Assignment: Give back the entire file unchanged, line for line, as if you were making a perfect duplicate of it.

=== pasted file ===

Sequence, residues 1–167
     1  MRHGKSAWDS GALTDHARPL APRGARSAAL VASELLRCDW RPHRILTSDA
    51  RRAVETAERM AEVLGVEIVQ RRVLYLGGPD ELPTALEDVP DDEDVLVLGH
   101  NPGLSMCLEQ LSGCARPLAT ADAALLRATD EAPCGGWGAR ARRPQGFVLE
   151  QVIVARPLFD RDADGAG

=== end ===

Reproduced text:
Sequence, residues 1–167
     1  MRHGKSAWDS GALTDHARPL APRGARSAAL VASELLRCDW RPHRILTSDA
    51  RRAVETAERM AEVLGVEIVQ RRVLYLGGPD ELPTALEDVP DDEDVLVLGH
   101  NPGLSMCLEQ LSGCARPLAT ADAALLRATD EAPCGGWGAR ARRPQGFVLE
   151  QVIVARPLFD RDADGAG